His Enlightenment thinking is present as well in his political thought. In the Summary View (1774) he cuts right through all the old, tortured arguments about British belonging that had erupted out of Britain’s decision to reform colonial administration. One of the figures whose thought he dismisses is (William) Blackstone, though he doesn’t mention him. In the Notes he ponders what is going wrong with his own Virginia, adopting an Enlightenment take on his state’s public life, which comes down to “what is wrong can be understood and can be fixed.” He also has a long chapter at the end of the book on the problem of religion in the polity, criticizing Virginia (where the Anglican Church has been disestablished but where heresy was still a crime at common law) and Massachusetts (where the Congregational Standing Order still stood) and praising New York and Pennsylvania where the separation had become complete.
I just do not get the Board’s list (of recommended names for the standard). I would not dismiss Aquinas or Blackstone as thinkers. Far from it. Blackstone’s insight in the Commentaries on the Laws of England (1765) that all societies must have an absolute authority above them was precisely what the rebellious colonials resisted. He was saying, in effect, that Britain’s formulaic of the King-in-Parliament, though different in form from the “l’etat, c’est moi” of Louis XIV or the formula “yo el Rey” of a Spanish monarch, was nonetheless absolute from the subject’s point of view. Parliament said the same thing in the Declaratory Act (1766), when it asserted its power over the colonies “in all cases whatsoever.” Jefferson would list those words at an important point in his long indictment of the king that forms the centerpiece of the Declaration.
The Blackstone formula does come back in “We the People . . . do ordain and establish this Constitution [which shall be] the Supreme Law of the Land,” but in a way modified precisely by the very Enlightenment debate about sovereignty and authority that Jefferson, Madison, Adams, Jay and their like (including many so-called ordinary folks) carried on between the Declaration in 1776 and the Constitution a dozen years later. The old order that the Revolution demolished had rested on a legitimacy drawn from its long history (the Burkean position that long experience justified continuation) and from its supposed sacred origins (“Got almightie in his most holy and venerable providence hath so disposed of the condition of mankind that in all times and places some must be rich, some poore, some high and mightie in power and dignitie, others meane and in subjection . . . the reason hereof . . . that we may have need of one another,” John Winthrop, founding governor of Massachusetts, 1630). The order that Jefferson helped to originate rejected that whole position, very much in the Enlightenment position that all things and all human arrangements are open to human inquiry and to human remaking. This underpins the achievement of the people we honor as the Founders, among whom Jefferson figures large.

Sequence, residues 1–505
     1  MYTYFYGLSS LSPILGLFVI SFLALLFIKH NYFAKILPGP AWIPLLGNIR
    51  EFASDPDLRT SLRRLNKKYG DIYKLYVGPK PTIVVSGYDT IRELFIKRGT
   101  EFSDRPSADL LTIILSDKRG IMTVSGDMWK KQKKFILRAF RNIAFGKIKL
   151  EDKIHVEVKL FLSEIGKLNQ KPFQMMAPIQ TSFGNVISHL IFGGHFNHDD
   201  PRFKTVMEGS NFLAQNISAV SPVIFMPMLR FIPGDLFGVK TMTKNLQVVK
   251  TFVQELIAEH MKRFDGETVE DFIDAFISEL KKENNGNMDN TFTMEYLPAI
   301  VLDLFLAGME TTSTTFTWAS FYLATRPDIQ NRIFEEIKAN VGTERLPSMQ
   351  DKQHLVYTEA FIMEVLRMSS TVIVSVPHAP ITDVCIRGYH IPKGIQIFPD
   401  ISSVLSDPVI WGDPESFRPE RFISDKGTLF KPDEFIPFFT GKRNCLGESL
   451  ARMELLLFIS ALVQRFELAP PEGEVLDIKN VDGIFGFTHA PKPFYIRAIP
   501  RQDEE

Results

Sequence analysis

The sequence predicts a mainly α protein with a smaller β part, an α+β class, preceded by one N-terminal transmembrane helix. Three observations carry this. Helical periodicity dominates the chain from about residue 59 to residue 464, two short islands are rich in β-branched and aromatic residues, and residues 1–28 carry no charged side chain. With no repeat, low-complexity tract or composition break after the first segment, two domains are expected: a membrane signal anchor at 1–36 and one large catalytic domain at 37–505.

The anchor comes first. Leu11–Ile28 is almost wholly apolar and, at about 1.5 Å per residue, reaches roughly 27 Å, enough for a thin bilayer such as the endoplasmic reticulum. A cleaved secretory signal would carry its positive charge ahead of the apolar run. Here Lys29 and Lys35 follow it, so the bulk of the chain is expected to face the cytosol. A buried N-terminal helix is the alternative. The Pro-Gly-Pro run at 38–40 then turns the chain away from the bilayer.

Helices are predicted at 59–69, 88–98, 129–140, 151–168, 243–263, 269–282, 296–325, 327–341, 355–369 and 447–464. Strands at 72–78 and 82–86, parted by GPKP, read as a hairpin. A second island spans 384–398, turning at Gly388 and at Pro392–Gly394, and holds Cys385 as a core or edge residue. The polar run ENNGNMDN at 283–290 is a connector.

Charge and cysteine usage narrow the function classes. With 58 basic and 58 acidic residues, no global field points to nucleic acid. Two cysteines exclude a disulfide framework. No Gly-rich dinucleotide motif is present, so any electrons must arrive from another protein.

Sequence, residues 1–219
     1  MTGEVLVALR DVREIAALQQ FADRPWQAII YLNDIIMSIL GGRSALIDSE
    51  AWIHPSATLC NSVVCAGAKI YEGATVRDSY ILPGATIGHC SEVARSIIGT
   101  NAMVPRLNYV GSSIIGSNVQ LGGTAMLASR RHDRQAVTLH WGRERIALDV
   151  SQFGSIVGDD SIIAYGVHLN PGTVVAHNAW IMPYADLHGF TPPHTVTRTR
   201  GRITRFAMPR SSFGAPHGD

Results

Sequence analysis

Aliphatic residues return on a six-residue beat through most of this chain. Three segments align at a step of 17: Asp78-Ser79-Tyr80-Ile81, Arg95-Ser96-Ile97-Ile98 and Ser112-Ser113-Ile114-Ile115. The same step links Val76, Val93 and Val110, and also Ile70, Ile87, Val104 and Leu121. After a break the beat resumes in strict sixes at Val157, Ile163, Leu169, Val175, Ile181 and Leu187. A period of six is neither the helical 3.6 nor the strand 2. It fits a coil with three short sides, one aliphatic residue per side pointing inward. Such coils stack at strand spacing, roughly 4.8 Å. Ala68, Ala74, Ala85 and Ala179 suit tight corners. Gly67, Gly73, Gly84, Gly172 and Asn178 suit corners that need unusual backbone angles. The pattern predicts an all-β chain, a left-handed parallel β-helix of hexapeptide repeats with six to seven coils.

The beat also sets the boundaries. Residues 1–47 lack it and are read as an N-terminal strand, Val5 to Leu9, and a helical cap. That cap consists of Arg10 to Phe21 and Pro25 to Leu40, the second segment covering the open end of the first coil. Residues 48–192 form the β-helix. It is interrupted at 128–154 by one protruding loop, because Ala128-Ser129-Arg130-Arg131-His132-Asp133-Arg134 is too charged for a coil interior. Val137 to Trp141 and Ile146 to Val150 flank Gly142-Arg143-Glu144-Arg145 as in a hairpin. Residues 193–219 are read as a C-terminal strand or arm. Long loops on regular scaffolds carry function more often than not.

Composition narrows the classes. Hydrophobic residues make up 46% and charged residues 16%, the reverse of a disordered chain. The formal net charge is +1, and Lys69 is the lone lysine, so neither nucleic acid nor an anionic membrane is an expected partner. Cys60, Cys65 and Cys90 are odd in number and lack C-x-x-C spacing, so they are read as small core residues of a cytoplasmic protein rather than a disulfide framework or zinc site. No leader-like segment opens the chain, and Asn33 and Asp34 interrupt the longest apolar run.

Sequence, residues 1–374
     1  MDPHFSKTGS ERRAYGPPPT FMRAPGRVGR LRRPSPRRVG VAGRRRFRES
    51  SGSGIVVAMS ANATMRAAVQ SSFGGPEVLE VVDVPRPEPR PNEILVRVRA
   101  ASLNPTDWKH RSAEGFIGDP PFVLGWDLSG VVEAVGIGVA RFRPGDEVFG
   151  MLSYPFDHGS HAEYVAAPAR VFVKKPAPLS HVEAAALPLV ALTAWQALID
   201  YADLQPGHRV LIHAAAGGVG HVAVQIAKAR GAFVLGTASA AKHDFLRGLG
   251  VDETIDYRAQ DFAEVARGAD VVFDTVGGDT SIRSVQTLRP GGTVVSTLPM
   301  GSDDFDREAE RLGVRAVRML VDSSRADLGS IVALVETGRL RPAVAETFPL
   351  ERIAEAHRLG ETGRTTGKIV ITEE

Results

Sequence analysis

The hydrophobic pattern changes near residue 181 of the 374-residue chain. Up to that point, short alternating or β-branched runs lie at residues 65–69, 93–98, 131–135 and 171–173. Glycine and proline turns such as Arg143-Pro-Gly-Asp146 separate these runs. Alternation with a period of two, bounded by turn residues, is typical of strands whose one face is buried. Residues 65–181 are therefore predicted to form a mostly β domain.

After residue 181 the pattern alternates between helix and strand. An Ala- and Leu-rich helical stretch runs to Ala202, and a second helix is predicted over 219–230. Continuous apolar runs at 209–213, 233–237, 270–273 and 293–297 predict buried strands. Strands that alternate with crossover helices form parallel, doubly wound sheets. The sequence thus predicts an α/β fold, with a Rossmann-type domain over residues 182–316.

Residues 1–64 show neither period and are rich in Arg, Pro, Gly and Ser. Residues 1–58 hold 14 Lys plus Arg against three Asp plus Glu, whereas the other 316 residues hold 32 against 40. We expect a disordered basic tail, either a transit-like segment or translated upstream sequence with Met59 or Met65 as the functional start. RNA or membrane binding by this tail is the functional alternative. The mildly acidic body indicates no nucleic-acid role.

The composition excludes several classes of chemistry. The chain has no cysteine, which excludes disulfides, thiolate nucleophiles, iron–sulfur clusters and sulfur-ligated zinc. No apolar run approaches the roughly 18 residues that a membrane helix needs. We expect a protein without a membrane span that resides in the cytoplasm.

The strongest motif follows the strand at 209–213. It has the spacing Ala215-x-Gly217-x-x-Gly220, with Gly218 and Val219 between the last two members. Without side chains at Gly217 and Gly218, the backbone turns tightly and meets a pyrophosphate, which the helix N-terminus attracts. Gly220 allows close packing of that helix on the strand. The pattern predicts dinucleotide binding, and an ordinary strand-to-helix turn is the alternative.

So, again, on intellectual grounds I just do not get it. On historical grounds it is outrageous. Such people are likely to go on about historical revisionism, not in the (accurate) sense of taking fresh evidence and fresh problems into account but in some supposed sense of rewriting according to an ideological agenda, which is not what serious professionals do. That describes precisely what these people are doing. It’s akin to condemnations of so-called “judicial activism” and to upholding so-called originalist Constitutional jurisprudence – and then handing down the decision about corporate spending in the electoral process on the spurious ground that corporations, like living human beings, are persons with equal First Amendment rights.